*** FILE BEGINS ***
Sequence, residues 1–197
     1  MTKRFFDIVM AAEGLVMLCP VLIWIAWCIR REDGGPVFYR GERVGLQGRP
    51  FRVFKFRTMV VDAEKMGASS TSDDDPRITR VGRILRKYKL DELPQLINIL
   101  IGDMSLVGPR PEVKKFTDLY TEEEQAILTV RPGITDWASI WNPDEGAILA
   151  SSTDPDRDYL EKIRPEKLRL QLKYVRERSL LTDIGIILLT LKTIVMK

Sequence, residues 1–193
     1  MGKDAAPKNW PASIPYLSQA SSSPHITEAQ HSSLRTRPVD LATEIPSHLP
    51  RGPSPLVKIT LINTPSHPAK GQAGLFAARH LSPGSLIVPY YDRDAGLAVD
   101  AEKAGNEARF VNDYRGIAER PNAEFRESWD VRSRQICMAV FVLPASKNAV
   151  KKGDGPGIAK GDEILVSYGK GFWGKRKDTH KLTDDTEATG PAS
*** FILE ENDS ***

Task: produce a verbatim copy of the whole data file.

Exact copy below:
Sequence, residues 1–197
     1  MTKRFFDIVM AAEGLVMLCP VLIWIAWCIR REDGGPVFYR GERVGLQGRP
    51  FRVFKFRTMV VDAEKMGASS TSDDDPRITR VGRILRKYKL DELPQLINIL
   101  IGDMSLVGPR PEVKKFTDLY TEEEQAILTV RPGITDWASI WNPDEGAILA
   151  SSTDPDRDYL EKIRPEKLRL QLKYVRERSL LTDIGIILLT LKTIVMK

Sequence, residues 1–193
     1  MGKDAAPKNW PASIPYLSQA SSSPHITEAQ HSSLRTRPVD LATEIPSHLP
    51  RGPSPLVKIT LINTPSHPAK GQAGLFAARH LSPGSLIVPY YDRDAGLAVD
   101  AEKAGNEARF VNDYRGIAER PNAEFRESWD VRSRQICMAV FVLPASKNAV
   151  KKGDGPGIAK GDEILVSYGK GFWGKRKDTH KLTDDTEATG PAS